The Honda CRF450RX was a brand-new model last year that shared many similarities to the all-new CRF450R motocrosser, with the main differences between the two being different engine hangers that allow for more flex, softer suspension settings, an 18-inch rear wheel, oversize fuel tank, kickstand, and Dunlop AT81 tires. For 2018, the CRF450RX receives a few minor updates including an upgraded lithium-ion battery to reduce weight and increase performance along with the removal of the kickstarter to further cut weight.
The CRF450RX engine feels very similar to the CRF450R in that it packs a ton of power and revs quickly. When transitioning from on to off throttle, the bottom-end hit is sudden and that can make for a slightly jerky feeling in tight, nearly stop-and-go single-track but is less noticeable when riding in more regular conditions. The midrange and top-end pull are both very strong and allow you to carry a gear for a long time, so you don’t have to shift as often. As far as engine feel, the CRF450RX’s quick-revving nature makes it feel almost two-stroke-like, hence it has a very exciting, fun-to-ride powerband. The midrange and top-end pull and how quickly the engine gets there make it ideal for more motocross-style, wide-open terrain, and given the engine’s similarity to the CRF450R, the motocross track too.
The CRF450RX uses a Showa 49mm coil-spring fork and Showa shock, both of which are the same units found on the CRF450R, but with softer settings to better suit off-road riding. Right out of the box with stock clicker settings, the fork has a plush and comfortable feel in the beginning of the stroke that does a great job of absorbing small impacts on the trail such as fist-sized rocks and bumps. On larger and higher speed impacts such as drop-offs and whopped-out areas, the fork gets progressively stiffer, yet retains plushness. The shock had a comfortable and predictable feel as well and occasionally came close to bottoming out when hitting a large G-out or whoop, but this only happened a few times and the rear end didn’t swap out in these situations either.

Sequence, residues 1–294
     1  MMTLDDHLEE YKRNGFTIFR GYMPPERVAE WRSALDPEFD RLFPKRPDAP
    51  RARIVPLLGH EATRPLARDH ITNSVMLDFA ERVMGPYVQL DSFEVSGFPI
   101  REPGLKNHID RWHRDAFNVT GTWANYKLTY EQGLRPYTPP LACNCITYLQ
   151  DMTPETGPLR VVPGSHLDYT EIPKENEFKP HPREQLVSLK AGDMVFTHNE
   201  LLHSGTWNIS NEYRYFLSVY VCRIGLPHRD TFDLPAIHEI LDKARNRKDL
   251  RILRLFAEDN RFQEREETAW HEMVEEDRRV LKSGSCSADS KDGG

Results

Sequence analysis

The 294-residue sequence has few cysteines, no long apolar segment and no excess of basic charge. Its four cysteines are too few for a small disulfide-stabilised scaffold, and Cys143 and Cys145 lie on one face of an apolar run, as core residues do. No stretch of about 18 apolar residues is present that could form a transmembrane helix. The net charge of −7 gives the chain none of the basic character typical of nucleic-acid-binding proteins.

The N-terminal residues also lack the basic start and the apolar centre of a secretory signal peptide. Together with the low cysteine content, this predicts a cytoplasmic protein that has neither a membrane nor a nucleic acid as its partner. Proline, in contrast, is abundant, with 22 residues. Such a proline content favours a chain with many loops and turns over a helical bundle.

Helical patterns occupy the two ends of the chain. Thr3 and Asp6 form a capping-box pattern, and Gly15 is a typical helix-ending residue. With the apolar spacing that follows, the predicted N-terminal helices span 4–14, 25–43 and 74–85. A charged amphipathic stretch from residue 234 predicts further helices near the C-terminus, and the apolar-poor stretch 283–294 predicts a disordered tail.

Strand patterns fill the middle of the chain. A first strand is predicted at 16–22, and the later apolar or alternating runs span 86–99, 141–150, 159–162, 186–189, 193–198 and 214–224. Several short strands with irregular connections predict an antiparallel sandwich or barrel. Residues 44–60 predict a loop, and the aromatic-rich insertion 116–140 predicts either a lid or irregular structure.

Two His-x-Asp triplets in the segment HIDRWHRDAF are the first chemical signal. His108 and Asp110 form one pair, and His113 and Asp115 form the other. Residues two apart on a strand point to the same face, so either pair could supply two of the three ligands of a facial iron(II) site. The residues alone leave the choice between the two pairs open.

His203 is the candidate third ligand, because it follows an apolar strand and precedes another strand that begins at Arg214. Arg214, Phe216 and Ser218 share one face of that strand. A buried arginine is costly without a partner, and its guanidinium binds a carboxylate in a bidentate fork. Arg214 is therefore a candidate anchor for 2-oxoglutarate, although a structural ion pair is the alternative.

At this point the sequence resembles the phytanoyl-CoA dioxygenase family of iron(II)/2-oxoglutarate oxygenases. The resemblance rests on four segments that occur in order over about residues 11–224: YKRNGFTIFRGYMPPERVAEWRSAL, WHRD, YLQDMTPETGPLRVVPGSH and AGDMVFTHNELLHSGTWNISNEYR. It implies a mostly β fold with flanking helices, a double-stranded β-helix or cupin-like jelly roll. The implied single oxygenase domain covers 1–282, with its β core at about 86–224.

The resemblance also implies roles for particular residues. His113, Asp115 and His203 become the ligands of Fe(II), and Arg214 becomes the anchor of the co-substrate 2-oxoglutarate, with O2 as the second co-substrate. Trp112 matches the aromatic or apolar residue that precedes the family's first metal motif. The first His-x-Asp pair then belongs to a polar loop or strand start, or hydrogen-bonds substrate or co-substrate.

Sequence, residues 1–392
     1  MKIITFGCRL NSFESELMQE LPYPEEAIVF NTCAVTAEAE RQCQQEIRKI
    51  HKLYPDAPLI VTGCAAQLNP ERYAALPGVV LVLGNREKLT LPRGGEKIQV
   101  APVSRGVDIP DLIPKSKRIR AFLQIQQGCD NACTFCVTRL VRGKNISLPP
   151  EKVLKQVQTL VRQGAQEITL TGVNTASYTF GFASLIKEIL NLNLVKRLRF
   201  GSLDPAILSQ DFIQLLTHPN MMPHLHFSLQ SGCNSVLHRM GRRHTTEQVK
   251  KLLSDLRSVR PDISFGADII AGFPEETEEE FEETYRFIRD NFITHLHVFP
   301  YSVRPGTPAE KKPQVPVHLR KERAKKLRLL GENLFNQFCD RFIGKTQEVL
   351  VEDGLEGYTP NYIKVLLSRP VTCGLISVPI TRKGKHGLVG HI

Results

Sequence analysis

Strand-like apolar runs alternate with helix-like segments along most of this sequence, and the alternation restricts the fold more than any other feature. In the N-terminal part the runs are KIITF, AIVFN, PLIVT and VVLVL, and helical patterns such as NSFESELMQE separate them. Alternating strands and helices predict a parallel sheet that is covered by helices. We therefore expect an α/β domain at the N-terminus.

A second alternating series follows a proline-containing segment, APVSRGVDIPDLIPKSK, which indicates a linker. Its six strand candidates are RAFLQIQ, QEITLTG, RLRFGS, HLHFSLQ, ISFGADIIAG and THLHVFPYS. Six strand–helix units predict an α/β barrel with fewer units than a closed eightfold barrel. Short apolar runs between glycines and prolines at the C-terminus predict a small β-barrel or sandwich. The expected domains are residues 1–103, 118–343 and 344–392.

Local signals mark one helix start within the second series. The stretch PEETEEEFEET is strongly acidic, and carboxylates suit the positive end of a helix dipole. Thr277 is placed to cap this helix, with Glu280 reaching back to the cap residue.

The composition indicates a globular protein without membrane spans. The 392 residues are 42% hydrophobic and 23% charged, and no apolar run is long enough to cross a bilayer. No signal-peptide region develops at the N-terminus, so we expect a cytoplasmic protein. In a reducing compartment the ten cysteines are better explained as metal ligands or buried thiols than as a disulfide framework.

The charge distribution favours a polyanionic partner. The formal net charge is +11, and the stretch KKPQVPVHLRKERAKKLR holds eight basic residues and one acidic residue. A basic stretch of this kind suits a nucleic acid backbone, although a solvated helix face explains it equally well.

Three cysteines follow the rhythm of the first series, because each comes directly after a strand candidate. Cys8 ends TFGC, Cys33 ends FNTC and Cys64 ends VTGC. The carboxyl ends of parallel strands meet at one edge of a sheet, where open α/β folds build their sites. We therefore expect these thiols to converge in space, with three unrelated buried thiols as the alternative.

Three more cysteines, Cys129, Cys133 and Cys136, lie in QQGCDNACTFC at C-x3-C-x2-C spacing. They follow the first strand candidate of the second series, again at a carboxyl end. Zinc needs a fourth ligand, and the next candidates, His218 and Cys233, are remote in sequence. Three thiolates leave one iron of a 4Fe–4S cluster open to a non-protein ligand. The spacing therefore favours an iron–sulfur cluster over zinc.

At 255 pounds wet, the CRF450RX isn’t all that much heavier than the CRF450R motocrosser, which weighs in at 248 pounds, and most of the RX’s extra weight comes with the larger gas tank. The CRF450RX chassis is a bit on the rigid side, which makes it easy to throw around and put where you want it on the trail. The bike also corners well while riding single-track or a more traditional motocross track and feels a lot lighter than it really is. The chassis is sensitive to rider input partially due to it being more on the rigid side and also because of how snappy the motor is, which makes it feel and perform very much like a racebike.
The CRF450RX is a powerful, well-suspended, and nimble-handling bike right out of the box. From what we gathered in our first ride impression, this bike is very much a racebike and is designed more for, and works best in, more wide-open types of off-road riding and racing, mostly because of its powerful, snappy engine. We feel this bike might even be a suitable motocross bike for those who like to mix it up and hit both the track and trail, but riding it at a motocross track may call for stiffer suspension settings, especially for heavier and/or faster riders. We’ll be riding this bike a lot more in the coming weeks on several types of terrain and riding conditions, so stay tuned for the full review.